Early Labor: Rest Is Best

Let's talk about Early Labor.

In a nutshell, this is when labor begins. It's not always cut and dry though, as many books make it seem. Sometimes the birthing mother experiences Prodromal Labor, or an early labor that drags and drags. This is when the mother is having contractions but they are not dilating the cervix, sometimes for days or even weeks. It's different than Braxton Hicks contractions, which are generally painless aside from the tightening sensation in the belly. Prodromal labor can be painful enough to keep you up at night, but not intense enough to produce any cervical change. It's a tricky place to be, mentally. This is a good time to rely on the pain-coping methods you learned about in your Birthing From Within class! And especially the time to practice keeping your mind calm and in *this* moment, without judging the sensations nor what might be coming in the hours and days to come.

Let's keep it real, though. Early labor can drag, even when it's not prodromal. The books estimate early labor to be around 5-7 hours (it can be way longer or way shorter, but for a first time mother early, labor tends to be on the lengthy side of things). But let's say it's 5-7 hours long. Think for a moment, what were you doing 7 hours ago? I was just going to bed, and it's now 7 in the morning. Imagine all that time being in early labor, and knowing you still have Active Labor, Transition and Pushing ahead of you? It's true that early labor is generally the longest stage of labor. So, what are you going to DO when you're in early labor?

First, remember that all of your early contractions are doing great work, even if you're not so sure of that fact. Even if dilation takes a while, remember your cervix is still softening, effacing or thinning, and your cervix is using those contractions to line align with the birth canal. Also, your baby might need the help of some stronger contractions to get in his best position for birth (there's more to it than just being head-down).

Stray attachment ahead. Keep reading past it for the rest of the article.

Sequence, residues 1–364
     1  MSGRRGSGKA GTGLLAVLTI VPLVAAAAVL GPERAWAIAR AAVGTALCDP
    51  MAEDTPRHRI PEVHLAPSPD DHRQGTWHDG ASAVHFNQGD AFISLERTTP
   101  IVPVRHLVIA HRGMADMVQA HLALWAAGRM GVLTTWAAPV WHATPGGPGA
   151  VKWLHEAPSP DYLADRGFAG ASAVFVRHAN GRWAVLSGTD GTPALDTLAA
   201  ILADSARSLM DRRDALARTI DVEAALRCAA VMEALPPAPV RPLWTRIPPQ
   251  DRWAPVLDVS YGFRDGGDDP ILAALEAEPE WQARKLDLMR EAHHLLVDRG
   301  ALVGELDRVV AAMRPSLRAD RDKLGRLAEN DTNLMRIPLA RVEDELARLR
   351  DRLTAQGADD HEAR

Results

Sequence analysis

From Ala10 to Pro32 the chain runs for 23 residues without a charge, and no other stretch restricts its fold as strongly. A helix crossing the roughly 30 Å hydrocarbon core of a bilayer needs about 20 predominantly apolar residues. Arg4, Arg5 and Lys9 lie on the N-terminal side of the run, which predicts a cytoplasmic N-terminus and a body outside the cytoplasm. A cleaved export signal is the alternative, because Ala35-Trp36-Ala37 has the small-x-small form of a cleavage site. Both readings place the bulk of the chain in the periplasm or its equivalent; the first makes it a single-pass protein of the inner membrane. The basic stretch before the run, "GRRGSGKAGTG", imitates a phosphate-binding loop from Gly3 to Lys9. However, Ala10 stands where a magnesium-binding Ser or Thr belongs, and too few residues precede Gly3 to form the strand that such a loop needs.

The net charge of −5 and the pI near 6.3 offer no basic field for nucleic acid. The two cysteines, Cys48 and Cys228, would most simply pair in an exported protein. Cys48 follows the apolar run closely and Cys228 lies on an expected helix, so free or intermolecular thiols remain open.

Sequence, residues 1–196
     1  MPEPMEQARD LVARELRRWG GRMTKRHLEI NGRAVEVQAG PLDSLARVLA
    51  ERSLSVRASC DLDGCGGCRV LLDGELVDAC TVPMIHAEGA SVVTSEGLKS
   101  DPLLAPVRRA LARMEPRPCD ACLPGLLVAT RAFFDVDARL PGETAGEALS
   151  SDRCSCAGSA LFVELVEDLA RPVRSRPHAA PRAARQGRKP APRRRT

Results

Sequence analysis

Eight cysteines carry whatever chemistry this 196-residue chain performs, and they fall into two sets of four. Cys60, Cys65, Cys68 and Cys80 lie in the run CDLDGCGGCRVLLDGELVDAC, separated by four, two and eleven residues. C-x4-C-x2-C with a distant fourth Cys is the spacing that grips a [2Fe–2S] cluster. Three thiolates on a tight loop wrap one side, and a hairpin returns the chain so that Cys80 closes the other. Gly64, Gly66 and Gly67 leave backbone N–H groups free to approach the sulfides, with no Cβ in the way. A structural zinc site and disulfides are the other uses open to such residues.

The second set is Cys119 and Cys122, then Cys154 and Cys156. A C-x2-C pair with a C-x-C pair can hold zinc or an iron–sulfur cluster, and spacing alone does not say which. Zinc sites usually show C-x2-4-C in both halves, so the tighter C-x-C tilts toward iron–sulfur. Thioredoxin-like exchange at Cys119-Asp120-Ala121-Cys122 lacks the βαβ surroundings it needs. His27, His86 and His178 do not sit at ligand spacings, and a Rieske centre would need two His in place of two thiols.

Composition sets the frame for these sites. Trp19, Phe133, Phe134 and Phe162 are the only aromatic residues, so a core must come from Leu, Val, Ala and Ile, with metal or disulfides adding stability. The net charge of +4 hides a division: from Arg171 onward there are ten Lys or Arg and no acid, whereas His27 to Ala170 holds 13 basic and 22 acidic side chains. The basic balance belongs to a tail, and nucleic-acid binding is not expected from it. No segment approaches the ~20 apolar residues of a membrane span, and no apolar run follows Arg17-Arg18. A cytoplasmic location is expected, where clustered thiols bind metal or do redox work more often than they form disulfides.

So, what should you do when labor begins? With 7 hours ahead of you in the easiest stage of labor, my best advice to you is to rest. REST! Your labor will never be as easy as it is in the earliest stage, meaning your contractions will pick up in intensity and you WILL be thankful for any amount of rest you have under your belt. There is not a lot of rest happening in active labor and certainly not in transition or while pushing your baby out of your body. If you use all of your energy in early labor trying to "get contractions going" as some are advised by their friends, or timing each contraction, or calling everyone to let them know you're in labor, you are setting yourself up for a long road ahead. Imagine timing each contraction for 7 hours, only to time them some more for the next 7? Or longer? It becomes mentally fatiguing at a time when mental clarity is the ONE thing you need to set yourself up for a positive experience (no matter the outcome, or the HOW baby arrives).

So. Rest. If labor starts in the overnight hours when the rest of the world is sleeping, then guess what you do? You sleep. If you can't sleep, you rest in between your contractions. Do not wake your partner, let them sleep. You'll want their bright-eyed support 12-24 hours later when you are at the end of your mental rope! 7am will arrive before you know it, and you can wake everyone up then and begin your labor dance.